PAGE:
To close out our social media theme for this month we have a post by Matt Jacobs, Managing Director, New York Office of AMP Agency. Matt looks into the misconception that social media is free and how in reality organic reach is on the decline and social is just another part of a paid/earned/owned media strategy.
As the Managing Director of AMP Agency's New York City office (www.ampagency.com), Matt oversees the development of "Insights inspired. Results driven." integrated marketing programs for a range of Fortune 500 brands.‘Insights inspired’ summarizes our belief that getting inside the consumer’s head is the only way to uncover the invaluable knowledge that fuels our strategic thinking, drives our creative process and informs our media recommendations. ‘Results driven’ speaks to our constant desire to show our clients the measurable fruits of their marketing dollars.
Enter the board room of most Fortune 500 brands, and there’s a pesky misconception that seems to still be lingering – social media in some capacity is “free.” When pressed, there’s a quick concession that yes, there are some hard costs associated with social, be it personnel for community management or content development. But we as social marketers are still battling the belief that maintaining a social presence doesn’t require a significant underlying investment.
In reality, the model that we’ve all bought into revolves around a pretty Machiavellian concept – we invest time, energy and ad dollars to build a sizeable community only to have the platform (namely Facebook, but other models are soon to follow) in turn sell access to that community back to us at an incremental cost. There’s been wide spread chatter about the effects of Facebook’s latest large-scale algorithm update in early December, but looking back over the last six months, community managers everywhere have seen dramatic decreases in organic reach on Facebook.
Look no further than your own organic reach numbers for validation of this ever-changing shift as Facebook continues to “optimize” their EdgeRank algorithm to update what content is presented in users’ newsfeeds. We’ve personally seen decreases up to 40% in average organic reach on behalf of our clients. To see how much your brand has been affected, run a report for the last 180 days via Facebook Analytics, or visit http://edgerankchecker.com/.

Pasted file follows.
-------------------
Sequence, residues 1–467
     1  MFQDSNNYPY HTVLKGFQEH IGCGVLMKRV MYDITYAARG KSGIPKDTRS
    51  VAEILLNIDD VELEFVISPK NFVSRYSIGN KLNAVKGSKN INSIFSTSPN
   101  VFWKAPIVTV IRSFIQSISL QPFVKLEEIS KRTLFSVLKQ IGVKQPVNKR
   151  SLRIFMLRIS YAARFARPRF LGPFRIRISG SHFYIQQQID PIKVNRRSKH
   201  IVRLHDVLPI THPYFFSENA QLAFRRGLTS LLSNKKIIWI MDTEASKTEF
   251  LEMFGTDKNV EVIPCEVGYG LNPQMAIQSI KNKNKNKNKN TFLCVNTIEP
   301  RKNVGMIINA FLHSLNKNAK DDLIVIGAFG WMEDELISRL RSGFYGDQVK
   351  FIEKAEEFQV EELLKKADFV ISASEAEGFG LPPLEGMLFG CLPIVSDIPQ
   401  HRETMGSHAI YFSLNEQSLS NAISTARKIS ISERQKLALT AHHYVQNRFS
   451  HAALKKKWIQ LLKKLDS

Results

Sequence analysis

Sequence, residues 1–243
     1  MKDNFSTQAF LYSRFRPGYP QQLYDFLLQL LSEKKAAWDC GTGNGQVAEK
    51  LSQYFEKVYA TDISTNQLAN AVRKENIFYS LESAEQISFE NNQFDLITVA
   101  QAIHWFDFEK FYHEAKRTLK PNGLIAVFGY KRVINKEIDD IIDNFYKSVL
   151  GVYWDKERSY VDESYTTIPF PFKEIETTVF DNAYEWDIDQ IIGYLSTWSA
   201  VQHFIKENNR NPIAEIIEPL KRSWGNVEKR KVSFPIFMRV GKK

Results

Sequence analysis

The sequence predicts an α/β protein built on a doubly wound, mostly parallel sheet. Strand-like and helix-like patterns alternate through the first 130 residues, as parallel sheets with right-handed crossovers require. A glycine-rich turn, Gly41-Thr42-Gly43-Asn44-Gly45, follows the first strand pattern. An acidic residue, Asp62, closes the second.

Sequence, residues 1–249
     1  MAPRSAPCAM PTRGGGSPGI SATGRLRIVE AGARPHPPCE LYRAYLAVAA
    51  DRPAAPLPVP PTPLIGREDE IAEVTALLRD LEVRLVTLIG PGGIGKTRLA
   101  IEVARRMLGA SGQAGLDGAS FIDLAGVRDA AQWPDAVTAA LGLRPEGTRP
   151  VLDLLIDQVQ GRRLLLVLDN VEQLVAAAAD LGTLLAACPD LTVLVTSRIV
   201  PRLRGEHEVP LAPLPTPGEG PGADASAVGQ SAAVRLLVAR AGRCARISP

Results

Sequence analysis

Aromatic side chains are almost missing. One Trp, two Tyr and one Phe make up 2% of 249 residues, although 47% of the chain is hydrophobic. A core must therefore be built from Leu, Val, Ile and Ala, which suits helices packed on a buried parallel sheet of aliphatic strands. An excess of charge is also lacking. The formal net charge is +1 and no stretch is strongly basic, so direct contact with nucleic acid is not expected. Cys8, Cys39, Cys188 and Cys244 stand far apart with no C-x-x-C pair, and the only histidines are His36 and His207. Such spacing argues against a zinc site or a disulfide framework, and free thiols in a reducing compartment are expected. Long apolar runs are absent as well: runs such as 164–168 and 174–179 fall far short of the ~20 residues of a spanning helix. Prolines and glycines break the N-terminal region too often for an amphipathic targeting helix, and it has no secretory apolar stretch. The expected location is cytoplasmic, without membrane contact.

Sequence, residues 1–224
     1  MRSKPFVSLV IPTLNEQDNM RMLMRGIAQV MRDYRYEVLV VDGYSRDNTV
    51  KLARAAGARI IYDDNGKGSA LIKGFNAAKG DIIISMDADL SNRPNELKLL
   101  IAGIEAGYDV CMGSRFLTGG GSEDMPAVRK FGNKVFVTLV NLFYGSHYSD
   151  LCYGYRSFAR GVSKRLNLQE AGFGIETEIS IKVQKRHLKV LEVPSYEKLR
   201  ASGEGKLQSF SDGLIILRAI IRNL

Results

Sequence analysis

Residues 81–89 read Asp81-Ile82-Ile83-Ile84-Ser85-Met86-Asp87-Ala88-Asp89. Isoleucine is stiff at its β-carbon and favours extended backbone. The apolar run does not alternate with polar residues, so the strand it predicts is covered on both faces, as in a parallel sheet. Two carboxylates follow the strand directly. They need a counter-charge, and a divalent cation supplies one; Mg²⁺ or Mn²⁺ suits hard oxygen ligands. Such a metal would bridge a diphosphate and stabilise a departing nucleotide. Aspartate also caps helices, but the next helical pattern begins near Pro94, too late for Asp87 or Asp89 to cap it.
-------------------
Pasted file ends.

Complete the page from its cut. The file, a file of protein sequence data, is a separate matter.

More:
As organic reach continues to decrease, the reliance on paid media to support content naturally has been heightened. Not too bad of a sales strategy, right? In early December Facebook stated as much: "We expect organic distribution of an individual page's posts to gradually decline over time as we continually work to make sure people have a meaningful experience on the site."
I know. You’re up in arms! How are they getting away with this? (note: Facebook shares jumped 9.6% to $58.65 after adjusted fourth-quarter earnings were released on January 29th).
If we step back, I think we can look at this as an evolution rather than a revolution. At the end of the day, Facebook and other social channels provide a very valuable environment to reach targeted audiences of existing and potential customers/fans/followers and they’re making big strides to proving the ROI across their ad offerings. In fact, according to Adobe’s Q4 2013 Social Intelligence Report, Facebook saw record highs in total clicks and CTR’s during the last quarter of 2013.
In thinking about the role of “social media” for your business, “social” is undeniably still at the forefront of these networks, but equal weight should now be applied to the “media” side of these environments as well. Social will – or at least should – always be first and foremost about meaningful two-way engagement with your audience. But as time spent on social, click-through rates and revenue-related referral traffic continue to rise, social will only continue to affirm its place as a media channel where you can – very efficiently – reach your desired audience.
2014 will be the year where community managers, social strategists and media buyers collaborate to develop truly integrated social plans that combine paid/earned/owned tactics that leverage the power of social endorsement and the efficiency of hyper-targeted media. And Facebook is just the tip of the iceberg. Whether it’s Twitter’s latest advertising extensions around their Tailored Audiences offering, the soon-to-come roll-out of Pinterest’s Promoted Pins or Instagrams new ads, social media is only going to continue to grow in influence and share of budget.
As you finalize plans for the year, ensure you have a dedicated, multi-layered budget for social that 1) supports content distribution through promoting content to existing audiences and 2) extends your reach through sophisticated targeting and remarketing.